If you have enough equity in the home, a quick sale could get you out from under your mortgage obligations for good. In most cases, you’ll be able to save a good amount of money and effort when you liquidate the asset than keeping it.
Here are some traditional options to sell your home:
- Real estate agents or brokers: Many owners reach out to real estate professionals when looking to sell their homes. While this is a popular method, you may be required to repair your home before it’s listed. You also have to pay the agent a commission, which may be a significant portion of the sale. This fee is usually based upon how long it’ll take them to find a buyer and find a mortgage that is acceptable for their situation.
- Sell privately: This option is recommended if you’re confident to sell the property on your own. Take note that it’ll take a lot of time, effort, and patience to handle the listing, entertaining inquiries, show the home to interested buyers, and take care of the paperwork.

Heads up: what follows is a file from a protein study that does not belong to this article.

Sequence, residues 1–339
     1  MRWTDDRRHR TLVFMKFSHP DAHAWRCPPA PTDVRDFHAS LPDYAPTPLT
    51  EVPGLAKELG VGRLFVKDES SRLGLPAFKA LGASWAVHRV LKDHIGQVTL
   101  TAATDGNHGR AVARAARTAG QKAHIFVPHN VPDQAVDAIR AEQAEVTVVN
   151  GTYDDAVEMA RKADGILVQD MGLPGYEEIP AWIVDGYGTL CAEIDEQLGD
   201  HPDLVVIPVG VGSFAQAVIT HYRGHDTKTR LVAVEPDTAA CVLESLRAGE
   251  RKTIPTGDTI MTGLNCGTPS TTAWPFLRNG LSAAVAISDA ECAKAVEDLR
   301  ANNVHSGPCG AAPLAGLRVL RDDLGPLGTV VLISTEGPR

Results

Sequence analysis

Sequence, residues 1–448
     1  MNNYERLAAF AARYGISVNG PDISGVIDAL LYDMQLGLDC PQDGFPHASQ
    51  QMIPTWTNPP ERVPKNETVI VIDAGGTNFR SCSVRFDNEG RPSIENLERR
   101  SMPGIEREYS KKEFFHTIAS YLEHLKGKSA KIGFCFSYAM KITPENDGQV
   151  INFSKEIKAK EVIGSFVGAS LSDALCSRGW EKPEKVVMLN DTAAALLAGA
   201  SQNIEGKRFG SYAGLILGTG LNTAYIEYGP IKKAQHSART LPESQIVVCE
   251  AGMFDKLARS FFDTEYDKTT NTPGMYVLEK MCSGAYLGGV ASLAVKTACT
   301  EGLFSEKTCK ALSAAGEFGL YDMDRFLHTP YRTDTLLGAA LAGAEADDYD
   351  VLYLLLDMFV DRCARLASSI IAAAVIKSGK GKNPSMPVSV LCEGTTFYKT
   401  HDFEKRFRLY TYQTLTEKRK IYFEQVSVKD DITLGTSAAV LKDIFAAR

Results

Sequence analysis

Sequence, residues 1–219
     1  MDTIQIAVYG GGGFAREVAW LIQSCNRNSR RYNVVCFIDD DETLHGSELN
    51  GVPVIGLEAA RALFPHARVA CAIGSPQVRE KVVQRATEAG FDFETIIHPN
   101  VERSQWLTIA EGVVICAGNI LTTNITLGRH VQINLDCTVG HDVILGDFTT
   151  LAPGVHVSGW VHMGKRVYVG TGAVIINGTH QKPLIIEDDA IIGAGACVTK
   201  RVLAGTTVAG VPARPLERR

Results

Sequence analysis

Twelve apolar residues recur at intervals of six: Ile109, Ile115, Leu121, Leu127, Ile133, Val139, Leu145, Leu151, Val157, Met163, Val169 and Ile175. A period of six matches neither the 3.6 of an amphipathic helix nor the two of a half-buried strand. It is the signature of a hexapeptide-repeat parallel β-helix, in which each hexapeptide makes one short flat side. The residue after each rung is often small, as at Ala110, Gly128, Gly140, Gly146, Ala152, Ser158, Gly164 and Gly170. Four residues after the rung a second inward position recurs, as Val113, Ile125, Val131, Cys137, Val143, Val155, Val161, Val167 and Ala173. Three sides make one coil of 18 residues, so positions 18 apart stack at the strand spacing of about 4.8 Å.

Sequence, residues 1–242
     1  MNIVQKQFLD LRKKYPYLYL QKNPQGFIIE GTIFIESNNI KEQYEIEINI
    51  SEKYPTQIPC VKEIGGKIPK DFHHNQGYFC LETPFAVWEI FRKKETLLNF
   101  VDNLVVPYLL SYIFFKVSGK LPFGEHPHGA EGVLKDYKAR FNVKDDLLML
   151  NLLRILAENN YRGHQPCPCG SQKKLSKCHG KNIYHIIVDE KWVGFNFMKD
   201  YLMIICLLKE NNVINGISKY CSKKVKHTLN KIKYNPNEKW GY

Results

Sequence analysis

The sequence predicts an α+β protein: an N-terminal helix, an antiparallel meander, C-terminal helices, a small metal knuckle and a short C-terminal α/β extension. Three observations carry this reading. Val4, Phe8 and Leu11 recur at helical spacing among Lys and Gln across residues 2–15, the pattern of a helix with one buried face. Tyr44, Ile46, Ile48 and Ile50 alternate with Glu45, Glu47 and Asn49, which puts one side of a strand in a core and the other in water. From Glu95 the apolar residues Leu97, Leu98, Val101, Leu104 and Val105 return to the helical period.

5. Refinance Your Mortgage
You should consider refinancing your home loan if you don’t want to worry about two mortgages. You may be able to find a better interest rate when you refinance or you may be able to extend the length of time you need to pay off your mortgage. A lot depends on what type of mortgage you have.
- Try to negotiate the terms of the payments and the interest on the loan. If you can reduce the interest rates or lengthen the terms of the loans, you’ll be saving yourself money.
- You may also want to consider refinancing when you’re ready to move and can no longer afford to maintain the payments on your first mortgage. However, don’t wait until your situation gets worse before considering this option.
When choosing how to handle your old mortgage, analyze your situation to determine if you should get rid of it or keep the loan. Every situation is different and it’s best to look at your unique circumstances. The good news is that there are several options that you can consider if you want to avoid handling two mortgages. The decision should be the one that benefits your financial and personal situation.